Check Out Leonese

[youtube=http://www.youtube.com/watch?v=uuxTdd0y4RI]
This is a sample of the Leonese language spoken in northwestern Spain. If you know Spanish or Portuguese, you might want to check it out, as it is quite similar to both.
The Leonese language is part of the complex known as Asturian-Leonese, said to be a single language. However, it is actually several languages. Leonese and Asturian are surely separate languages. In addition, Fala and Mirandese, other members of this purported languages, are in the opinion of Ethnologue also separate languages. However, Fala and Mirandese may well be intelligible with Galician.
All of these languages are more or less on the border or Portuguese and Spanish. More precisely, they are on the border or Spanish and Galician, and Galician is surely a separate language from Portuguese. Galician is sort of in between Spanish and Portuguese.
Here is a very rare sample of Leonese. Leonese is a dying language, and is only spoken by probably about 25,000 people max in the Leon near the border with northeastern Portugal. The language is seriously dying out, but there are efforts to revive it. At the moment, probably only Western Leonese, spoken near the Portuguese border, is viable. Central and Eastern Leonese are nearly extinct.
It is important to note that Extemaduran, in my opinion a separate language spoken by 500,000 speakers in Extremadura, is nothing but a very old Eastern Leonese dialect stranded in Extremadura. Mirandese in Portugal is best seen as an Extremaduran dialect stranded in Portugal, with heavy Galician admixture. Fala is more or less a similar thing. Fala is utterly incomprehensible to a Spanish speaker.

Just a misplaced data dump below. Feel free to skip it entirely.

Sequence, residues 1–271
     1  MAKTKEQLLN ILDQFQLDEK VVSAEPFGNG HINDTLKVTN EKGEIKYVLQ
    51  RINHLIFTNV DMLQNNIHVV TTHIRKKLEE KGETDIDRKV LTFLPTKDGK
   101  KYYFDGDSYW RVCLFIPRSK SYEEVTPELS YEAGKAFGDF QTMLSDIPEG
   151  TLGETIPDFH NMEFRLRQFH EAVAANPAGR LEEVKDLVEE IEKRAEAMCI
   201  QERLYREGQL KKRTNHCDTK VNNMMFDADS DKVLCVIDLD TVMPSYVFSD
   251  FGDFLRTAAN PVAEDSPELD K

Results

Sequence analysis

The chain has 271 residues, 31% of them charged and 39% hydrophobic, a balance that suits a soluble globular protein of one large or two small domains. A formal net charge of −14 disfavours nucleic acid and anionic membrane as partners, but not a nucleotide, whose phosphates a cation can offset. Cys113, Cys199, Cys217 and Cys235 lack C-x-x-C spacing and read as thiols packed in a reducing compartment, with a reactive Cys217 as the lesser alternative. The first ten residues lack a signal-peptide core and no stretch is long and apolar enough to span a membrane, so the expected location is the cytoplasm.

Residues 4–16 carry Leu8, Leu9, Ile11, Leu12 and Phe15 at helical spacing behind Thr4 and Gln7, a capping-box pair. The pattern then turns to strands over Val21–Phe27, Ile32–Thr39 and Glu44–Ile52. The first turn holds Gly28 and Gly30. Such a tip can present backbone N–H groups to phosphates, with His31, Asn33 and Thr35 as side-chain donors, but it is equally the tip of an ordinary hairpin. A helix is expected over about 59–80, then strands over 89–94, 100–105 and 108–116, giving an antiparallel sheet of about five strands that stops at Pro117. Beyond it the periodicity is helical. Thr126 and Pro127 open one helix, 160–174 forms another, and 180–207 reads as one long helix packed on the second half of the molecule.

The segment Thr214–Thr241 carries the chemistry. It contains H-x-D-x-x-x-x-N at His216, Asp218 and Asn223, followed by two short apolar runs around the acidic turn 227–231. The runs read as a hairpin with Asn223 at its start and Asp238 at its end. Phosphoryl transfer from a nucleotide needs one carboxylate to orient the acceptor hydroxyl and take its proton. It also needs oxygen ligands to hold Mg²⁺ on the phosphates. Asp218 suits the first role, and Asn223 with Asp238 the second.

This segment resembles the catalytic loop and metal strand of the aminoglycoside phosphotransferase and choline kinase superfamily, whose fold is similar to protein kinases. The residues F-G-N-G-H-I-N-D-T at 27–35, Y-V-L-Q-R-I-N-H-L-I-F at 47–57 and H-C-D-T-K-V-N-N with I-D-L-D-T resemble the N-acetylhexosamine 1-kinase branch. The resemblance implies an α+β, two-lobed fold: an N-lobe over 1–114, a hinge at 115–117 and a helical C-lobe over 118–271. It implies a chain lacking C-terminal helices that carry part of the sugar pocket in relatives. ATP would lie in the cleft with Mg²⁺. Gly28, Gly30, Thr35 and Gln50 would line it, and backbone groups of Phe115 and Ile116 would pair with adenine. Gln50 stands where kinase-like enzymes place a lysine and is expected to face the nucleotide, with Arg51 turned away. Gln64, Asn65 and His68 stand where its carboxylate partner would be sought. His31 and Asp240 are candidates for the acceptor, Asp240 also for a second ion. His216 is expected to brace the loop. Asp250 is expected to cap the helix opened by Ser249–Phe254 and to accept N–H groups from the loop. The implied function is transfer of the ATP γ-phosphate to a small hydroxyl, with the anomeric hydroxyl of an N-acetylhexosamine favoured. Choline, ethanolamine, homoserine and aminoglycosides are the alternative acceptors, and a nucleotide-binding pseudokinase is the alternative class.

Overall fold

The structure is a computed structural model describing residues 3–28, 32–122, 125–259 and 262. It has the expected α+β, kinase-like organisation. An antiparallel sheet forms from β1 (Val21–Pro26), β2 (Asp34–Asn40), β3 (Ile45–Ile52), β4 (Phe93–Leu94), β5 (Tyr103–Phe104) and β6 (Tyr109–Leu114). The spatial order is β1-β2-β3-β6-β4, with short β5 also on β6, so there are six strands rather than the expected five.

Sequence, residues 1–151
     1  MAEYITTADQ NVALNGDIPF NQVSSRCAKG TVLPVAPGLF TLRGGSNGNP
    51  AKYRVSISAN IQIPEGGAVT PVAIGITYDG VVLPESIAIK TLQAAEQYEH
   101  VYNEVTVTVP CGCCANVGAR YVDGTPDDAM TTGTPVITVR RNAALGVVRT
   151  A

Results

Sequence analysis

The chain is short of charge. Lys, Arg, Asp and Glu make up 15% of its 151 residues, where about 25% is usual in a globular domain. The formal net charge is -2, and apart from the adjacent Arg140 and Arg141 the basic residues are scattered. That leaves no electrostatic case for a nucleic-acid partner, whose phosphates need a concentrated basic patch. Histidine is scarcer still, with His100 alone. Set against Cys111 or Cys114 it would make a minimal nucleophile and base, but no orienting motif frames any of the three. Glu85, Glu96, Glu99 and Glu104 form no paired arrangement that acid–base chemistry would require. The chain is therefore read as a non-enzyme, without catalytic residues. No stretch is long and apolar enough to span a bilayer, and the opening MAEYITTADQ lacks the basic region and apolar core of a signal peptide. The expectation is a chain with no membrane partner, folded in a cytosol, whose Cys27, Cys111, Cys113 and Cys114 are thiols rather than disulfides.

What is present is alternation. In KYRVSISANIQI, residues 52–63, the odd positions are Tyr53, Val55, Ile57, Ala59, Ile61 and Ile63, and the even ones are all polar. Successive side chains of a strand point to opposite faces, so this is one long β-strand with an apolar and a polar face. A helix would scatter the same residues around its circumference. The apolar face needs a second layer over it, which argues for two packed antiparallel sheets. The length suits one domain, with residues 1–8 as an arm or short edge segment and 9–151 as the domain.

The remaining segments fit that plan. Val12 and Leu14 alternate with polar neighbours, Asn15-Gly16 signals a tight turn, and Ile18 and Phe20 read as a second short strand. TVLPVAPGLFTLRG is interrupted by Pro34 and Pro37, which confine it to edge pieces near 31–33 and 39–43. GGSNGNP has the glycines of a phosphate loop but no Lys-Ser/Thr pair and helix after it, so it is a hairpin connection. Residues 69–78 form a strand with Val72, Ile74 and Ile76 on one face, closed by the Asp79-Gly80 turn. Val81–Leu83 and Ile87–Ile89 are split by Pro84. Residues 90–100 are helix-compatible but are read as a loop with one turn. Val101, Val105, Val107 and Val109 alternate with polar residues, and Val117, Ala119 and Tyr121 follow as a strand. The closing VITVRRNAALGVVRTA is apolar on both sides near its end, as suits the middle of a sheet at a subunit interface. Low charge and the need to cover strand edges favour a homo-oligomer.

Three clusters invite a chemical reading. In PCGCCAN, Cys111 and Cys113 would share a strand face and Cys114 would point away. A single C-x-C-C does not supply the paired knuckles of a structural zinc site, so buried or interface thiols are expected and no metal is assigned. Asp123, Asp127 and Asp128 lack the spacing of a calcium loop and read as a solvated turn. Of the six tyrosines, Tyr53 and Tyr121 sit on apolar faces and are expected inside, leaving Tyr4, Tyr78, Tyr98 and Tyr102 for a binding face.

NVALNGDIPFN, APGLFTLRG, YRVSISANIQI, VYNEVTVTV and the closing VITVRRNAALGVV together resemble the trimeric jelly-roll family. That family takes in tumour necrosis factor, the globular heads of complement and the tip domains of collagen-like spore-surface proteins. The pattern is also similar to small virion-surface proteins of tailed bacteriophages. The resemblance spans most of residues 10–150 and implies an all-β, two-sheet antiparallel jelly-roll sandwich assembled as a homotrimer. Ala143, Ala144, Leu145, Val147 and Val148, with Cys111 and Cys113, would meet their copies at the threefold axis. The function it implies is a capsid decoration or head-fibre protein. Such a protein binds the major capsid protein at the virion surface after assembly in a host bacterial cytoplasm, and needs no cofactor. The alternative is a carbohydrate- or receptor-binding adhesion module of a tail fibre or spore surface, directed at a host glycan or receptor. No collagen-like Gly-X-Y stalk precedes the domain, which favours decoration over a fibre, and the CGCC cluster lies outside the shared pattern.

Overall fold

Barranquenho, really a separate language spoken in the small border town of Barranca, Portugal, is a mix between Alentejan Portuguese and Extremaduran Spanish, and thus is similar. Alentajo itself is probably a separate language from Portuguese proper. Barranquenho is essentially incomprehensible to a Portuguese speaker.
Listening to Leonese, I found it much harder to understand than Asturian, though it sounded quite similar. Leonese seemed to be closer to Portuguese than Asturian.
There is a huge language revival movement going on with Leonese, but with no state support, it’s hard to see how far it goes.

Please follow and like us:
error0
fb-share-icon20
Tweet 20
fb-share-icon20

Leave a Reply

Your email address will not be published. Required fields are marked *